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raph.weapon = "Sai";
<< "Sai"
don.weapon = "Bo Staff";
<< "Bo Staff"
These will then become an “own property” of the instance and take precedence over the
same prototype property:
<< "Leonardo hits you with his Katana Blades"
When a property or method is called, the JavaScript engine will check to see if an object
has its own property or method. If it does, it will use that one; otherwise, it will use the
prototype's instead.
What Should the Prototype Be Used For?
The prototype can be used to add any new properties and methods after the constructor
function has been defined. It should be used to define any properties that will remain the
same for every instance of the constructor. The weapon example was unsuitable because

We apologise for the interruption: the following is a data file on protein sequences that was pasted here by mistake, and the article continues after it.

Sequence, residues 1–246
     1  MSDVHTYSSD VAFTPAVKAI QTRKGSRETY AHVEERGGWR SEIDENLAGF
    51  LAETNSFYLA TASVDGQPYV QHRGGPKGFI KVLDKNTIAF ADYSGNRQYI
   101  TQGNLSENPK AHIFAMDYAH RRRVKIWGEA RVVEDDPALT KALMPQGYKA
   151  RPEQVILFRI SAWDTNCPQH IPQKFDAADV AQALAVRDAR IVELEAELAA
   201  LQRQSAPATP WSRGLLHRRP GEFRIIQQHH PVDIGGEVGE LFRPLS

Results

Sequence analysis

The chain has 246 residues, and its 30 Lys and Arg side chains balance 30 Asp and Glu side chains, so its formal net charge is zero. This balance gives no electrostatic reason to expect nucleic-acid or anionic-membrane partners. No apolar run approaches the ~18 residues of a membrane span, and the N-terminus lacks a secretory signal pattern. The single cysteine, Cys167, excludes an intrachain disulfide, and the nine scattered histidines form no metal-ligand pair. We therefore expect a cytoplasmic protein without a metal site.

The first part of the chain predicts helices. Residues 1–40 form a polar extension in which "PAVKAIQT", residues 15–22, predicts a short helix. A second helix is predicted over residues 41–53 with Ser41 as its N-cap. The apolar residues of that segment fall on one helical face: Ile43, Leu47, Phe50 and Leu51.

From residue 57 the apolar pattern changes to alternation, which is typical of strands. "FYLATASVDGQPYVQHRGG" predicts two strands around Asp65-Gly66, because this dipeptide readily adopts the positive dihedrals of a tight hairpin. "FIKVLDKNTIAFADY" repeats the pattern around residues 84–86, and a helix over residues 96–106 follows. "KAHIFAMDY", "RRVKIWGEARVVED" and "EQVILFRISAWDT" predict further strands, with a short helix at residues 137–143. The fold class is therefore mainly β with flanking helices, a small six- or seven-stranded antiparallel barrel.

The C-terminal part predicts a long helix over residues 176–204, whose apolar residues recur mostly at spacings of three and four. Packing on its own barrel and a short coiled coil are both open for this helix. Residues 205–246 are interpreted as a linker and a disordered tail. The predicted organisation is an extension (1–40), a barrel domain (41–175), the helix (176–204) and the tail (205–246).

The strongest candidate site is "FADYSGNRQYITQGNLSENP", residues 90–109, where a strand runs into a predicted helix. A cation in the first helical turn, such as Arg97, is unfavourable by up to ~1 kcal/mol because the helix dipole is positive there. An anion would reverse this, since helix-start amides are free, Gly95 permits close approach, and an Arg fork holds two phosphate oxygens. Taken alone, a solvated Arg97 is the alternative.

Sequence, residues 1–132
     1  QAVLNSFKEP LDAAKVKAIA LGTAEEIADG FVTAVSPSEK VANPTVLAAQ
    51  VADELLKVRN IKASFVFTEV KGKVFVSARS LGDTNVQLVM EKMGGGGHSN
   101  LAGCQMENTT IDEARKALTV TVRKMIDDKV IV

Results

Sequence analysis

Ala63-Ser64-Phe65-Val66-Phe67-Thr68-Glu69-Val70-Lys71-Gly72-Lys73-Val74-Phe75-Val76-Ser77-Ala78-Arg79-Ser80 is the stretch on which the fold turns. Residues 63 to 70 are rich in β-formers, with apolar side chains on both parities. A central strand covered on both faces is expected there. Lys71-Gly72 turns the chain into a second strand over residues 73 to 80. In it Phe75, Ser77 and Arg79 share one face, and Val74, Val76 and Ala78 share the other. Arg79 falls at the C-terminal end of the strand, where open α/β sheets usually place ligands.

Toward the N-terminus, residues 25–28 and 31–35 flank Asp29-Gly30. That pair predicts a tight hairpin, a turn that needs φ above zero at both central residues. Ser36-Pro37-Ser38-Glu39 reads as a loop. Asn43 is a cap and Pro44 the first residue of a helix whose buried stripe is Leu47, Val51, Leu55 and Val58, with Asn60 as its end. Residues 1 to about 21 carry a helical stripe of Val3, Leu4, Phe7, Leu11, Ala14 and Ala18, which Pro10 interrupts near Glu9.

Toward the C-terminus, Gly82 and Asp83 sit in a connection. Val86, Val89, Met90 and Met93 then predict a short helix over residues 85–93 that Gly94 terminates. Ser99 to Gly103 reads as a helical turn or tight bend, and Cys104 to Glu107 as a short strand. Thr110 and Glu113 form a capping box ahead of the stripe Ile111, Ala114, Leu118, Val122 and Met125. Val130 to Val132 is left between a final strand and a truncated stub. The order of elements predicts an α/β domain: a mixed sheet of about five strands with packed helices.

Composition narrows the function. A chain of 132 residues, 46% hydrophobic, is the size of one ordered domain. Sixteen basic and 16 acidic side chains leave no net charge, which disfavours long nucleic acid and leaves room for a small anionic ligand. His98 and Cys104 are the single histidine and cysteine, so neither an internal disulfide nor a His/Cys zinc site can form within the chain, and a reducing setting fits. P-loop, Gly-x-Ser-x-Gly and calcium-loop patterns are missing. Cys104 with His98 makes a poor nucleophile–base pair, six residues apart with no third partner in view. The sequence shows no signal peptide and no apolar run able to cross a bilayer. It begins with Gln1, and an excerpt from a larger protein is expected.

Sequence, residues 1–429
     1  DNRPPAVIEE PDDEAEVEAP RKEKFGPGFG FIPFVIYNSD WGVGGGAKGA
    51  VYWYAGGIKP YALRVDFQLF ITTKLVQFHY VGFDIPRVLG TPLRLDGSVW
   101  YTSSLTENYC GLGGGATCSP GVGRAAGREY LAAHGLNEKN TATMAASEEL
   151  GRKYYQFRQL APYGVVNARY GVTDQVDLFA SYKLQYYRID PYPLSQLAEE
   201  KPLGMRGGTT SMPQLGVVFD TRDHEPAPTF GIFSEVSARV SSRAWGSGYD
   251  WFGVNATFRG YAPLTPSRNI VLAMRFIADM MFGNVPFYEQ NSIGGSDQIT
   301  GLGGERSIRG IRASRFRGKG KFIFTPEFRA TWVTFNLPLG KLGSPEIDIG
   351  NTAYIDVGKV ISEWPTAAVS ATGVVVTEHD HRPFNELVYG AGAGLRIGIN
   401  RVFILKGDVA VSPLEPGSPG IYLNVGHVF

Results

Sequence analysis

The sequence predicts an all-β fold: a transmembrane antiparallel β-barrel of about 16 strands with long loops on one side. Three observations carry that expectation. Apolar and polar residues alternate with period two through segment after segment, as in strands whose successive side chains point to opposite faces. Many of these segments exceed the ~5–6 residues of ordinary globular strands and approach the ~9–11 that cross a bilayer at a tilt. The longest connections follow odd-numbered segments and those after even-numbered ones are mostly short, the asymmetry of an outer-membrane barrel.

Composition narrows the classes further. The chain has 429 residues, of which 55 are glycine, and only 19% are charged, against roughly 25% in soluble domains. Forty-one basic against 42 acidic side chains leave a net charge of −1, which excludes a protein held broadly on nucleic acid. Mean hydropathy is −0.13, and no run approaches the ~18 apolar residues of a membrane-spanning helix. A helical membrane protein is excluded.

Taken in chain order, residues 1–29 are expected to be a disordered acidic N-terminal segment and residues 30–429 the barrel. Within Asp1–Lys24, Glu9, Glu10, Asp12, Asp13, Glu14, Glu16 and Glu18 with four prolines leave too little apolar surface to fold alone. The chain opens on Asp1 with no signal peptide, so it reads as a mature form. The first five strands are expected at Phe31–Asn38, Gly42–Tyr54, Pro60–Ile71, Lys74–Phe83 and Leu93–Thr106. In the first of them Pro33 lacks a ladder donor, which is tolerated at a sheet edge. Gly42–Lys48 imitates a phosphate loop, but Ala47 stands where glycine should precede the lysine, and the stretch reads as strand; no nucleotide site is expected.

all the turtles use a different weapon (we just needed it to demonstrate overwriting!). They
do, however, like the same food—pizza! This makes a good candidate for a prototype
property: = "Pizza";
Methods are likely to be the same for all instances of a constructor, so all methods should
be part of the prototype object rather than the constructor function itself: = function() {
return "Mmm, this " + + " tastes great!";
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